After disembarking a crowded coach from Aberystwyth, I joined almost two hundred warmly dressed spectators in the chilly moonlit car park at the entrance to Ynys-hir Nature Reserve, in the centre of the UNESCO designated Dyfi Biosphere. Moving slowly on foot we spread out along a narrow track lit by a string of a thousand LEDs that guided our nighttime journey through wet grassland, salt marsh and sessile oak woodland.
A team of individuals in dark clothing, who remained largely hidden in the shadows, sensitively facilitated our passage through the landscape. In this respect, Jony Easterby’s For the Birds was an example of how to orchestrate the movement of a large audience over difficult terrain at night with minimal distraction and interference. The path was also marked by trees that glowed eerily green and red and lo and hi-fi installations of mechanical objects, audio, light and video that led me to pause, move, inspect and reflect.
Borrowing its title and inspiration from minimalist composer John Cage, For the Birds was produced in collaboration with RSPB Ynys-hir and Aberystwyth Arts Centre. This National Theatre Wales and Arts Council Wales supported event was framed as a collaborative pilot project that posed two questions. The first, ‘What important messages do they [birds] offer in creating a home that affirms all life for a sustainable future? And what inspiration and strength can we draw?’ Easterby’s collaborators in this practical investigation included artists with established reputations for making site-specific and audio artworks, including Esther Tew, Dark Spark and Kathy Hinde.
For the Birds drew attention to width and depth in this dark landscape by using light, sound and movement to direct our attention to the very close – on the ground and in the nearby trees – and the very distant – as sounds and lights flashed and echoed across this part of the biosphere. Inspired by the physical form, movements and songs of birds, various installations populated the sides of the muddy three-kilometre track. Light displays illuminated the trees and tall grass, bringing them out of the shadows, making flat black objects three dimensional and drawing us into relation with this ever changing terrain.
Projected images of birds in flight flickered among the leaves of a tree and an array of mechanical objects and small electronic speakers tweeted bird-like sounds, encouraging us to listen to the landscape in new ways. Cage’s influence could be seen and heard in mechanical musical installations that included the exposed innards of a piano plucked by the ghostly winged shadows that flitted between the wires, a display in which sound was produced by rotating bird feathers that stroked long vertical bass strings sending reverberations through the ground, and mechanically interpreted musical scores generated from photographic images of birds captured in the act of formation flying.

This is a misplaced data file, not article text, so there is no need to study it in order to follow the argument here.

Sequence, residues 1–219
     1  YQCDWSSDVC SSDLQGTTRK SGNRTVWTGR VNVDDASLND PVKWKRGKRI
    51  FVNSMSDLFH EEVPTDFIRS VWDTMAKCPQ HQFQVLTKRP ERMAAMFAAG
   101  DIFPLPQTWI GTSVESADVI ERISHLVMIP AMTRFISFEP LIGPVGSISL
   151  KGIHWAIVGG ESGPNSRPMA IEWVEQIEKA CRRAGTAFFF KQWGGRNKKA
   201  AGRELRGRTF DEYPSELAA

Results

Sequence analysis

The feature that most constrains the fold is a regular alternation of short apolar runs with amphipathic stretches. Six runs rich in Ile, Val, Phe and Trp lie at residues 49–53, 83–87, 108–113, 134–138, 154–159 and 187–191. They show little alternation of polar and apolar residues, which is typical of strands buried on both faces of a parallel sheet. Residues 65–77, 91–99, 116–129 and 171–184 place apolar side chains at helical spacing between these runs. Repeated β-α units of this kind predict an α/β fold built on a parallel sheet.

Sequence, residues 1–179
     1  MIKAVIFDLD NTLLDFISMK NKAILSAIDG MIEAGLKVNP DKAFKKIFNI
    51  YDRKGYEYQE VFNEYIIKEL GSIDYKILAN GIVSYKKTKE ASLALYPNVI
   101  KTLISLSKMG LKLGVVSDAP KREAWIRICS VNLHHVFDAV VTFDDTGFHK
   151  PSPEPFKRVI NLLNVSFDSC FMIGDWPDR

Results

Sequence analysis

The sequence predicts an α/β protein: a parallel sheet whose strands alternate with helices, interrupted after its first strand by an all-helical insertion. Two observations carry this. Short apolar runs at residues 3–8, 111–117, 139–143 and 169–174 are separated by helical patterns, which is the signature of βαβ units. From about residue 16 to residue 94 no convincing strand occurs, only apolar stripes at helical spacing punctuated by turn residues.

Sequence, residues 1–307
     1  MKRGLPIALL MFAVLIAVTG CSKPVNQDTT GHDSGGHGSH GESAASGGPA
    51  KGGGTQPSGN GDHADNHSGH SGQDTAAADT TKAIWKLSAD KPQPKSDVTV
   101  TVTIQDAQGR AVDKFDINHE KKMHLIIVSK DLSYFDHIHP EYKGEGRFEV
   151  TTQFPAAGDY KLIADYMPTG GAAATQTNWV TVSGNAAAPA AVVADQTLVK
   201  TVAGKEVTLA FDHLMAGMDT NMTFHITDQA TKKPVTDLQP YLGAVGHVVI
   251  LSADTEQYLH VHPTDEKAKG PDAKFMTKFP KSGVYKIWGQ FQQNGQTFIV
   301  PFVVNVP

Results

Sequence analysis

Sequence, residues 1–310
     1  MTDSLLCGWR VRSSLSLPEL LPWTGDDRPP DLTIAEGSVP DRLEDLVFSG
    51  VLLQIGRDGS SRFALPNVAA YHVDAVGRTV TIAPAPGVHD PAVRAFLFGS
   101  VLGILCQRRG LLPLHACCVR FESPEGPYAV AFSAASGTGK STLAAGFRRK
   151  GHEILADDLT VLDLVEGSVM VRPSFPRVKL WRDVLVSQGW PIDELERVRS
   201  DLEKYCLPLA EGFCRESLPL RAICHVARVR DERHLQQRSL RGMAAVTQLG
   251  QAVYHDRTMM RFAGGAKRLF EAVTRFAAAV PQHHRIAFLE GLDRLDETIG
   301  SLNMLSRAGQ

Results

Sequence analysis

This collaborative experiment had aspirations towards a more sustainable art-making practice. However, I did wonder what the birds, and indeed other creatures that inhabit the reserve, thought of the flashing lights, audio interventions and many hundreds of spectators passing through terrain normally occupied by nocturnal creatures. At times I imagined that some of the calls that I could hear were from the real avian inhabitants in concert with mechanical and electronic representations. As I ventured deeper into the reserve I began to wonder whether there were any real birds there at all. In this respect, my experience of the event became about the absence of the creatures to which the work’s title refers. Shadows of birds ghosted the landscape in anticipation of a bleak future in which a human lack of respect for non-humans and the environment threatens the existence of many species. There was something almost taxidermic about the mechanical representations. I was invited to view skeletal remains through a telescopic lens, a grim prediction for the future amidst an enchanting Alice in Wonderland journey that at times bordered on the awesome, beautiful, terrifying, sublime.
In many ways, the work didn’t provide answers to the questions posed above, but rather opened up a space in which I was encouraged to reflect upon my relationship to the natural world, its representation and our collective responsibility for it and the birds for whom it is home. While I eagerly await the follow up to this pilot project, I am drawn to return to Ynys-hir, to visit in the daytime and to explore the ways in which my memory of the event leads me to look at, and listen out for, the birds in new ways.Originally published in Culture Colony Quarterly Online